But it seemed her children loved the pre-dawn void above all else. To rise when the world was still gray and unformed, to leap out of a warm crowded bed into the chill air was a thrill she could not fathom. From the conquered boughs of a tree, or standing still in a field of silent cows, or from the ruins of the old lighthouse on the headland over the sea— perhaps the only way to fully greet each day’s world was to watch it take form and color around you, free of walls and fences, chicken wire and rutted roads.
Gradually as she moved about the interior of the little three-sided shack, smoothing the previous day’s catastrophes as they came to dawning light, she gave herself to the one joy she allowed herself on these desolate mornings. She would split her gaze in two and turn an eye inward, to search and roam through her dreams. In the quiet and shade, with the creak and shift of wood underfoot and the calming phosphorescence of the great open mouth of the shack, she could see through the layer of rust on an old can of olive oil the faint trace of a picture. An orderly grove of olive trees on a slope in a far-off country, and a beautiful old town with spires and gardens, perhaps Sevilla or some other Spanish city. Certainly it was somewhere across the ocean, for it was even lovelier than Ponce, “La Perla del Sur,” the “Pearl” on the south coast of the island. She brought the can into the pale light of the single window to see the little city more clearly, when a movement by the fence caught her eye.
A man drifted just past the shrubs on the other side of the pickets. There was enough light to see a ruddy complexion set off against a very pale shirt before he was lost to view, moving toward the front of the house. Alba stepped quietly back into the gloom, eyes intent on the scene through the little square window, then on the wider scene through the open side of the house. The end of the fence and the dusty road beyond was neatly framed by the gap, four paces from the house. There was not a sound. Not the crunch of gravel or the creak of a shoe. She glared at the edge of the opening until her eyes watered, tightening her grip on the rusty can. She called out before the man could emerge from behind the fence and see that she was alone.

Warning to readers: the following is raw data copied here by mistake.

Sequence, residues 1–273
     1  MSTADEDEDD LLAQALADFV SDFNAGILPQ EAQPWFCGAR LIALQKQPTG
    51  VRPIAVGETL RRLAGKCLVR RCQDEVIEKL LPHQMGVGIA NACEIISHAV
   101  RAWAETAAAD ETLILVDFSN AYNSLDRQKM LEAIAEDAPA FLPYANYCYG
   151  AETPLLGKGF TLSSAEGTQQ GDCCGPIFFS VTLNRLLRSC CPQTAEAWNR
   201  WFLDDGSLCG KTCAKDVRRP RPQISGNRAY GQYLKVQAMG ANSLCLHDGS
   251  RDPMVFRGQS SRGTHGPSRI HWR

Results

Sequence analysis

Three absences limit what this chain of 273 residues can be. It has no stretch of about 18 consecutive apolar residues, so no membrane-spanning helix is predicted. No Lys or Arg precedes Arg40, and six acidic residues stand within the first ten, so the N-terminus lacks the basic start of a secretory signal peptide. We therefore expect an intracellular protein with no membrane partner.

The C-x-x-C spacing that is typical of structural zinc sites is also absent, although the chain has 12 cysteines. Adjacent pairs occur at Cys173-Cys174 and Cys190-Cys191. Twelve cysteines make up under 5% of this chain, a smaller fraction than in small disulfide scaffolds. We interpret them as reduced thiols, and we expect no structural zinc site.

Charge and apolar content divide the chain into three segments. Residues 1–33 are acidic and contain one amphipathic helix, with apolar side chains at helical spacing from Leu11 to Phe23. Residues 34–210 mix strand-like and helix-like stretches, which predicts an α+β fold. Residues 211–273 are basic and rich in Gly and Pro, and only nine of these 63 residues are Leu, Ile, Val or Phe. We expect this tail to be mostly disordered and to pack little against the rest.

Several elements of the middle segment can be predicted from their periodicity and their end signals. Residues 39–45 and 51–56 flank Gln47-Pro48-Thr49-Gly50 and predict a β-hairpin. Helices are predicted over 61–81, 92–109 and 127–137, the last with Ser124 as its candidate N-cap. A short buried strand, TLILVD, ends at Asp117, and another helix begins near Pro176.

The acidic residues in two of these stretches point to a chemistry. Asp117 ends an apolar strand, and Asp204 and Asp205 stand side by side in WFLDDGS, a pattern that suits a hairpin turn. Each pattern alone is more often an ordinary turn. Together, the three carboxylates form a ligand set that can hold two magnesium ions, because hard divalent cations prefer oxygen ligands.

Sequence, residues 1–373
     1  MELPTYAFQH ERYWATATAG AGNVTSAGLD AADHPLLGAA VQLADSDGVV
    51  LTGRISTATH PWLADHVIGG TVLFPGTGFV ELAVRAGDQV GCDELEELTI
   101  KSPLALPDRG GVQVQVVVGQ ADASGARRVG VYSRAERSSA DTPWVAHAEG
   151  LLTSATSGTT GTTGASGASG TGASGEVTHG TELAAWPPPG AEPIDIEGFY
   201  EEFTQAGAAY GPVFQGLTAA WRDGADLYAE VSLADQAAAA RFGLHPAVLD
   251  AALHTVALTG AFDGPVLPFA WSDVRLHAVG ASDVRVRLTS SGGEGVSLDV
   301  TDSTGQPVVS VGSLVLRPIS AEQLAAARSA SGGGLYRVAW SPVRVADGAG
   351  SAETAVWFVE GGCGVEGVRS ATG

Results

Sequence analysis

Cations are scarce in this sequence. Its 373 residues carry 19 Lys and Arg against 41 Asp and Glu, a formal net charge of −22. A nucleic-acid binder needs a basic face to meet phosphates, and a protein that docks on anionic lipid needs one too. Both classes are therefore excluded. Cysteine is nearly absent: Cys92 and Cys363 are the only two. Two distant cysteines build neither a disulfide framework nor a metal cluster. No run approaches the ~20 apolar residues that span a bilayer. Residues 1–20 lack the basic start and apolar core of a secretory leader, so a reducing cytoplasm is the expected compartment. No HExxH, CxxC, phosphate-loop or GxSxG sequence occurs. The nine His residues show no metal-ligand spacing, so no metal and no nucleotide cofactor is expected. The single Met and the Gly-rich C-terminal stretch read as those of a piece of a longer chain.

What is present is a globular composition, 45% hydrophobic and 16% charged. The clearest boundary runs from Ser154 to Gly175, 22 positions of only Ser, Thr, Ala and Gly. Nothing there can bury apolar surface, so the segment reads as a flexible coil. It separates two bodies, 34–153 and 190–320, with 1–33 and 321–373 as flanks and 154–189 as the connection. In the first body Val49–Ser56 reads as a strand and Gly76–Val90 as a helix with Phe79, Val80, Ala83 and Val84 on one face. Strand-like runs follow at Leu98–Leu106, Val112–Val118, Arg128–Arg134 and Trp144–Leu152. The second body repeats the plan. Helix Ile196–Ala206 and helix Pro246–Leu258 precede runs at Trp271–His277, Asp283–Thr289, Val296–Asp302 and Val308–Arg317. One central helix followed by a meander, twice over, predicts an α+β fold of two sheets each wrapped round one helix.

She was very certain it was not Moncho, who loved to announce his presence from the bend in the road further down the hill. “Madrina,” he would call warmly, although she was nobody’s godmother yet. “Y el Toro, está por ahí?” Is the Bull around? He didn’t really seem to care whether Lucio was around to hear his jibes. Thin-skins seemed to amuse Moncho. He was an incorrigible flirt, but he was not one to sneak around before dawn, light of step, no matter what Lucio thought of him. “Moncho,” she said again firmly. She hoped it sounded more like a summons this time, not a question. As if she were trying to catch the attention of a man across the room. Her voice was flat in the peculiar air. Even the treefrogs were quiet.
She peered at the fence and the road, standing her ground. The silence crept up to her and along her skin to her scalp. She slowly pulled the sleeves of the sweater back down over her forearms and over her hands.
The man appeared at the left of the opening, moving very slowly up the road, never turning his head, seemingly intent on the path. He vanished again momentarily behind some tall shrubs near the edge of the fence, but Alba moved out of the shadows, feeling less apprehensive. He seemed very old and thin, but upright and unbent, with shoulders thrown back, which lent him a vaguely regal air. As she climbed down out of the house and approached him, he came into view beyond the shrubs, and still hadn’t turned his head or stopped in response to her call, or to acknowledge the house. She could see that his shirt was torn and frayed, his hair white and in uneven patches on his skull. He was blind, she thought, and deaf. She smiled as she came to the end of the fence, wiping her hands on her skirt.
“Buenos días, Señor. En que puedo servirle?” Good morning, sir. How may I help you?
He didn’t answer, or flinch. He merely drifted past her with a light breeze that picked up from the south, slack-jawed and hollow-eyed. She looked down. He was barefoot, his gnarled toes pointing stiffly downward.
The old man was floating, a foot above the ground.
Read Parts , Three>